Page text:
The small isle of Ti­los ex­tends an in­vi­ta­tion to refugee fam­i­lies

Kathimerini English - - Focus - BY IOANNA FOTIADI

“Bring us refugees. We have enough space to host them.” Panayi­o­tis Nikos, di­rec­tor of the Greek first re­cep­tion ser­vice for mi­grants, could not be­lieve his ears when the mayor of Ti­los made her pro­posal.

“This in­vi­ta­tion is mainly for fam­i­lies that have ap­plied for asy­lum in Greece,” Mayor Maria Kama-Alif­eri told Kathimerini, adding, “I have in­formed all the rel­e­vant author­i­ties.”

Ti­los, a small is­land in the south­east­ern Aegean, is not a pop­u­lar des­ti­na­tion for traf­fick­ers ship­ping mi­grants and refugees from the Turk­ish coast to Greece. What boats do ar­rive on its shores usu­ally do so by ac­ci­dent or when traf­fick­ers try to evade the coast guard pa­trols around the big­ger is­lands.

“From late 2013 un­til 2014, about 3,000 peo­ple ar­rived here,” said the mayor of the is­land, which has 780 per­ma­nent res­i­dents. In 2015 the in­flow eased slightly, though in July Ti­los saw 687 ar­rivals, in sharp con­trast with is­lands such as Lesvos, which see thou­sands of ar­rivals a day.

The is­land was sur­prised by its first wave of refugees and mi­grants last year but its re­ac­tion was im­me­di­ate.

“Any­one who had a boat would sail out and look for boats that needed as­sis­tance. El­derly women rushed to buy baby for­mula and vol­un­teers cooked up meals in the huge pots used for church feasts. We opened up the Monastery of Panaghia Poli­tissa, as well as the is­land’s ho­tels to the refugees,” said Kama-Alif­eri.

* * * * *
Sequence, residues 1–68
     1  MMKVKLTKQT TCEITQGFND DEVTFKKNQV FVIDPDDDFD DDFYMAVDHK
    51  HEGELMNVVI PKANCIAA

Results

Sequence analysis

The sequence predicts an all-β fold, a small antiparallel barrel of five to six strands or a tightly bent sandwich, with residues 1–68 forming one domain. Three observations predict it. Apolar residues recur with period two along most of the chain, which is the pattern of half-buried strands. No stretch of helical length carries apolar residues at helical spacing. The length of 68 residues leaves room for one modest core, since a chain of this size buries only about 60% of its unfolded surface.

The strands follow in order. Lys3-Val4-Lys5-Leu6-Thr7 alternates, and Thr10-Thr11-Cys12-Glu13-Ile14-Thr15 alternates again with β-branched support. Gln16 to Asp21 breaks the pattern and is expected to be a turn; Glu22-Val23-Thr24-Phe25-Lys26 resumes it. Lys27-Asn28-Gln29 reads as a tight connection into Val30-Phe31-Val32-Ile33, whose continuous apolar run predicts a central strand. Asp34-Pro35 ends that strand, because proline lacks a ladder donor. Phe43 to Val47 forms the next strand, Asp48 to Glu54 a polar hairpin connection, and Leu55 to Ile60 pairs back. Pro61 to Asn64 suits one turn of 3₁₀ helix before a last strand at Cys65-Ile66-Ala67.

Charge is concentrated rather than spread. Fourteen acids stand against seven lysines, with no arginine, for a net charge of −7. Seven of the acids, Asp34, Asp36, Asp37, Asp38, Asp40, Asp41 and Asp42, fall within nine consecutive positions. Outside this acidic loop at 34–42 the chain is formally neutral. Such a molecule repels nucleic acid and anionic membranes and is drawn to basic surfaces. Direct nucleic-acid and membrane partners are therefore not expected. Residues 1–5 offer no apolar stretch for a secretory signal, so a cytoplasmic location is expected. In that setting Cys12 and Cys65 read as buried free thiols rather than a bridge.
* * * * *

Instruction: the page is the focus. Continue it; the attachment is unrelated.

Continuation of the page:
Many were taken into peo­ple’s homes. “How can you al­low an in­fant of 20 days old to sleep out­side?” she pon­dered in dis­be­lief.

Find­ing so­lu­tions in the win­ter was rel­a­tively easy, but it be­came ex­po­nen­tially harder in the sum­mer months, when the is­land pop­u­la­tion swells to an av­er­age of 2,500 peo­ple due to the ar­rival of tourists or lo­cals re­turn­ing for the hol­i­days.

The mayor is look­ing for a long-term so­lu­tion that will work all year round and is in talks with the rel­e­vant author­i­ties to open a model cen­ter of hu­man­i­tar­ian aid on a plot of land that has been ceded to the mu­nic­i­pal­ity by its own­ers. For the time be­ing, an aban­doned mil­i­tary camp that be­longs to the is­land’s metropoli­tan church has been fit­ted with show­ers, toi­lets, so­lar wa­ter heaters and a laun­dry room, and can ac­com­mo­date up to 100 in­di­vid­u­als at a time. The is­lan­ders also make fre­quent food do­na­tions.

Mean­while, Kama-Alif­eri has also man­aged to se­cure fund­ing from the Sol­i­dar­ity Now net­work so the is­land can pur­chase a bus and an off-road ve­hi­cle to col­lect refugees land­ing on its shores, as well as first-aid kits. The fund­ing will also al­low it to hire the staff needed to run the re­cep­tion cen­ter.

“The is­land has ben­e­fited from this sit­u­a­tion,” she says. “We al­ways felt that we kept get­ting the short end of the stick be­cause we didn’t have a doc­tor, a teacher or a lot of other ser­vices and ac­tiv­i­ties en­joyed by other is­lands. But when we see peo­ple fac­ing such dif­fi­cult cir­cum­stances, we re­al­ize that life is the ul­ti­mate gift.”

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